Hurling labels like “hyenas” and “poachers” when referring to towing and assistance services that roam streets hunting for accidents, Brno’s Kalík has little sympathy for the companies that snatch deals from him and the call centre he is partnered with. Čechová notes that such poachers often bill the insurance company of the driver found to be at fault or excessive sums of money. “Sometimes they will go as far as filing an invoice for a service that was never provided,” she said, placing insurance companies’ losses at tens of millions of crowns a year.

The Czech Insurance Bureau estimates that there are a few dozen pirate companies in the country. The number is much lower than that if you ask Antonín Zeman, who didn’t want the name of his towing company published but points out that it’s a legitimate provider contracted by all of the major assistance services in the country. “I personally don’t know of any,” he said, adding that the label “pirate” for towing firms is unfounded if all it merely refers to are businesses without insurance contracts.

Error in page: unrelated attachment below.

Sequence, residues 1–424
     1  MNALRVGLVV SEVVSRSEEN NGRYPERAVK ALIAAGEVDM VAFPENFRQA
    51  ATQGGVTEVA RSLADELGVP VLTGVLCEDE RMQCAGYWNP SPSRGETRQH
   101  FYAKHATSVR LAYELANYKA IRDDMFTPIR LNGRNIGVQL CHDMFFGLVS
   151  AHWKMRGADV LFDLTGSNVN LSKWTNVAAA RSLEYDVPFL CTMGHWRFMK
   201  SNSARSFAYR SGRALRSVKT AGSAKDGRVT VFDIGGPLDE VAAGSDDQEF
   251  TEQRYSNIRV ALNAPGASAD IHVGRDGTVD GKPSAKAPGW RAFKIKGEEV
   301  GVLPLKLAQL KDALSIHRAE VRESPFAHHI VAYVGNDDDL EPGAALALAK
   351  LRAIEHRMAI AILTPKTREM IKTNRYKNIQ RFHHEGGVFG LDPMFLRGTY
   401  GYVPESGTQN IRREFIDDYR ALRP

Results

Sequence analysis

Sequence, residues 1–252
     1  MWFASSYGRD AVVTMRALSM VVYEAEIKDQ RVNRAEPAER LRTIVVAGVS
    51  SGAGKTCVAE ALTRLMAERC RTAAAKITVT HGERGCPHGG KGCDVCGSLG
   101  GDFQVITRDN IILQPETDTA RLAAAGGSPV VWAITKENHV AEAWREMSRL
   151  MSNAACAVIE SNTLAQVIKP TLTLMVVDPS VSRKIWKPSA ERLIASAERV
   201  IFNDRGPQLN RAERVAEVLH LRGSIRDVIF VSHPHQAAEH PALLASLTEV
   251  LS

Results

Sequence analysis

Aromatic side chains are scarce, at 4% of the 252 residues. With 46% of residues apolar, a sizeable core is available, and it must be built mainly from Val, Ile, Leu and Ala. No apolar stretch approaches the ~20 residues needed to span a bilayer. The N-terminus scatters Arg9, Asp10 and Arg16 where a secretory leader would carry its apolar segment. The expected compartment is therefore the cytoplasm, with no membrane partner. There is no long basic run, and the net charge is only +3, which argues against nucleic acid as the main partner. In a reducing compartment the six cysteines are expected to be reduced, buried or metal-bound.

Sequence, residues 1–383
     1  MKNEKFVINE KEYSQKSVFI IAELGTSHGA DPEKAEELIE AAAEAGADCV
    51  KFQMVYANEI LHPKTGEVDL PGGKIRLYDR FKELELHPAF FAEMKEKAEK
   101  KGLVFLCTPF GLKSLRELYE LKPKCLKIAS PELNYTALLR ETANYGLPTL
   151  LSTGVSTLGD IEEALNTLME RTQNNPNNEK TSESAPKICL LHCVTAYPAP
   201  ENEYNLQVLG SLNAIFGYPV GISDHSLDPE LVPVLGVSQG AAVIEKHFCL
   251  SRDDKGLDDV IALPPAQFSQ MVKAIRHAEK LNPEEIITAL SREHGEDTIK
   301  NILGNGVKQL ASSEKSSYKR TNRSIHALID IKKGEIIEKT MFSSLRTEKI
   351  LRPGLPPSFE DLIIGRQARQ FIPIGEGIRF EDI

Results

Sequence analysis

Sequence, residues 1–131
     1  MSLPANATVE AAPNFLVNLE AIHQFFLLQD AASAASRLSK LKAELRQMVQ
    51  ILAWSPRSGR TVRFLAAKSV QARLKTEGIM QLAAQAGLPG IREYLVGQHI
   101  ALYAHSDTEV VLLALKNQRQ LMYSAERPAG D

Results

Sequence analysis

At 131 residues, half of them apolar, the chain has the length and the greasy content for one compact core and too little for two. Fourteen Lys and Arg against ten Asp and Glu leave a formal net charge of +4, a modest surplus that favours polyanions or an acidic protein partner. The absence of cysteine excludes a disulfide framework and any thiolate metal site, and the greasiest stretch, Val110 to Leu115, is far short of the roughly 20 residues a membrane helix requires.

“For me, pirate towing services don’t exist,” concurred Jiří Malý, the owner of a towing firm Dinotruck in Prague 5. “It’s simply towing services trying to adapt to the market environment.”

Towing for bit of cash